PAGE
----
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REX American Resources Corp (NYSE:REX)
Q3 2019 Earnings Call
Dec 4, 2019, 11:00 a.m. ET

Contents:

  • Prepared Remarks
  • Questions and Answers
  • Call Participants

Prepared Remarks:

Operator

Greetings, and welcome to the REX American Resources Fiscal 2019 Third Quarter Conference Call. [Operator Instructions]

I would now like to turn the conference over to Doug Bruggeman, Chief Financial Officer. Please go ahead.

Douglas L. Bruggeman -- Vice President of Finance, Chief Financial Officer and Treasurer

Good morning, and thank you for joining REX American Resources fiscal 2019 third quarter conference call.

We'll get to our presentation and comments momentarily as well as a question-and-answer session. But first, I'll review the safe harbor disclosure. In addition to historical facts or statements of current conditions, today's conference call contains forward-looking statements that involve risks and uncertainties, within the meaning of the Private Securities Litigation Reform Act of 1995.

Such forward-looking statements reflect the Company's current expectations and beliefs, but are not guarantees of future performance, as such, actual results may vary materially from expectations. The risks and uncertainties associated with the forward-looking statements are described in today's news announcement and in the Company's filings with the Securities and Exchange Commission, including the Company's report on Form 10-K and 10-Q. REX American Resources assumes no obligation to publicly update or revise any forward-looking statements.

I have Joining me on the call today Stuart Rose, Executive Chairman of the Board; and Zafar Rizvi, Chief Executive Officer. I will first review our financial performance and then turn the call over to Stuart for his comments.

Sales for the quarter declined 30% primarily due to reduced ethanol gallons sold offset by an $0.11 increase in per-gallon ethanol pricing. Sales for the quarter were based upon 47.6 million gallons this year versus 71.4 million last year. The reduced production also resulted in lower unit sales for the ethanol by-products. The lower ethanol production was primarily at the NuGeN South Dakota plant, as we experienced reduced availability of affordable corn, largely in response to the wet spring conditions, which has led to uncertainty on current year corn production in that area. We also experienced a lower distiller grain pricing on a year-over-year basis.

Our consolidated corn cost per bushel rose 25% compared to the prior year, again, largely reflecting the concern for corn availability. Combining these factors led to gross profit for the ethanol and by-product segment decreasing from $11.3 million in the prior year to $25,000 for the current year. The refined coal segment had a gross loss of $1.8 million for the third quarter of fiscal 2019 versus $3.5 million for the prior year, reflecting lower production levels in the current year. These losses are offset by tax benefits recorded under Section 45 credits.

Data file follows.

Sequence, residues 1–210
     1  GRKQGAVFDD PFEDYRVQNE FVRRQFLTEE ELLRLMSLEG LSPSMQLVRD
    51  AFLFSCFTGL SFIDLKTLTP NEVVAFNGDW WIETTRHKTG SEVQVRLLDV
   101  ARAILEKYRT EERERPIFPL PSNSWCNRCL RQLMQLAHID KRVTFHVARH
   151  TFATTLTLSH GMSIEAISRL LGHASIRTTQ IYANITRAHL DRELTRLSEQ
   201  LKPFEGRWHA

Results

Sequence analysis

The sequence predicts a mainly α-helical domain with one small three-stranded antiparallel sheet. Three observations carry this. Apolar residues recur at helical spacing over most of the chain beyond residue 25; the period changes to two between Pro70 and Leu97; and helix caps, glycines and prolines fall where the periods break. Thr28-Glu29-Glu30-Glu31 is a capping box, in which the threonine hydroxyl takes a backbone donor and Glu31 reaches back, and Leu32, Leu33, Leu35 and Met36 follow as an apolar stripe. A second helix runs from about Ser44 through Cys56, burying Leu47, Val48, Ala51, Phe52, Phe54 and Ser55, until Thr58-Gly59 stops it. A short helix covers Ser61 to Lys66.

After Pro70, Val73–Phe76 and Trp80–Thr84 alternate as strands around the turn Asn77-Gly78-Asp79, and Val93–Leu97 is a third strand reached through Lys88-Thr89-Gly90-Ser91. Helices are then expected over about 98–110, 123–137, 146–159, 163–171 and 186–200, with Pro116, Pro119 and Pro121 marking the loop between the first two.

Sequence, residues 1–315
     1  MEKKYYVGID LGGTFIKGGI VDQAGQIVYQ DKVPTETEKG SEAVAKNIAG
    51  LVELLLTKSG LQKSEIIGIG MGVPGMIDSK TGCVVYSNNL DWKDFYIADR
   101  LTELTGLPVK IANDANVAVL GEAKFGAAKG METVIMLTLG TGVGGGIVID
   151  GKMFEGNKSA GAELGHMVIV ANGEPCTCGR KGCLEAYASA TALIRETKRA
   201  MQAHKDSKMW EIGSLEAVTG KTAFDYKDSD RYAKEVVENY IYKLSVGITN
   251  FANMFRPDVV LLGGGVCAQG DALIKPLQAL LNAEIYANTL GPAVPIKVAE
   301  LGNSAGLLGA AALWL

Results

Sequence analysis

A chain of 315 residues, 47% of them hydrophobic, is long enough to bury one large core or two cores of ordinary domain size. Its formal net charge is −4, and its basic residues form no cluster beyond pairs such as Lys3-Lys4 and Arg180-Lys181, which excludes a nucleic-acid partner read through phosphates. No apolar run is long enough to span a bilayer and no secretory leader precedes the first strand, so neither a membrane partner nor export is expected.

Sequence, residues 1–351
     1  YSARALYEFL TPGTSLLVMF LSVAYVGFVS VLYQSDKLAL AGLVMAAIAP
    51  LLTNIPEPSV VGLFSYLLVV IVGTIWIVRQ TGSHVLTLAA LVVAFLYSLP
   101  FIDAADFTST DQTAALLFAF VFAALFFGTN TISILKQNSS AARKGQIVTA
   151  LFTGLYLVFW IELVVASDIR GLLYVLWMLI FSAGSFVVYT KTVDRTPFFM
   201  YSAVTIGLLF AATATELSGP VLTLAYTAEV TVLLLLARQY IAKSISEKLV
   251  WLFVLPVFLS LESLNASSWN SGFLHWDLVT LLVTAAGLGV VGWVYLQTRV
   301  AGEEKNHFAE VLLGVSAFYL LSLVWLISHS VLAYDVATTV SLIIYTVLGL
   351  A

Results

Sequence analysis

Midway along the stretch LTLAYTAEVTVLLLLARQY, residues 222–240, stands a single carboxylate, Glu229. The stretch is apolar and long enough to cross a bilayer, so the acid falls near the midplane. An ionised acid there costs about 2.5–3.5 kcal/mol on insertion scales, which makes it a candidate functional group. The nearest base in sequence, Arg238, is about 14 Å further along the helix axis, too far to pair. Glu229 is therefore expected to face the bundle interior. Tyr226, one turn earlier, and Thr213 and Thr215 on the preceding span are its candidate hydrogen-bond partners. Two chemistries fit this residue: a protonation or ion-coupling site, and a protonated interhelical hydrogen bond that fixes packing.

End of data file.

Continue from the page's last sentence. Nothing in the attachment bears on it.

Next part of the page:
SG&A decreased for the third quarter from $5.4 million to $4.1 million, primarily due to reduced incentive compensation associated with corporate profitability and reduced commission fees associated with the lower refined coal production. Equity and income of unconsolidated ethanol affiliates decreased from $611,000 [Phonetic] to a small loss of $15,000 for the quarter. Interest and other income increased from $809,000 to $1 million, primarily reflecting higher interest rates in the current year.

We booked a tax benefit of $3.2 million for the third quarter of this year versus a benefit of $10 million in the prior year. The benefit is primarily as a result of the Section 45 credits from our refined coal operation, and again reflects lower refined coal production in the current year. The above factors led to a net loss attributable to REX shareholders for the third quarter of $2.1 million this year compared to income of $11.9 million, and a loss per share of $0.32 this year versus income of $1.86 in the prior year.

Stuart, I'll now turn the call over to you.

Stuart A. Rose -- Executive Chairman and Head of Corporate Development

Thank you, Doug. Going forward, our corn supply has improved over the last quarter and the crush spreads we have also improved. We have -- there is less production going on currently in the industry as many plants have -- or number of plants have closed or slowed down. Demand next year should be up, if the government sticks to the announced rain products.

We're currently running at a profitable rate in ethanol and we're running at a rate that's above last year's corresponding quarter, and certainly, above the quarter we just reported. In refined coal, we currently continue to run at a rate that -- or we continue to expect a rate less than last year, but we expect it to still be profitable in the current quarter on an after-tax basis.

Our cash balance was approximately $196 million. We have -- still, have our authorized share repurchase program, 350,000 shares are still open to be bought. We generally bought our shares on dips. [Phonetic] We have -- we still have that availability, should we choose. And we also continue to look for opportunities in the ethanol field. At the moment, there is nothing imminent, but we are looking. We have -- also looking at opportunities outside the ethanol field where we can use our management abilities to make profits for our shareholders.

In terms of our cash, we're currently investing it in short-term securities.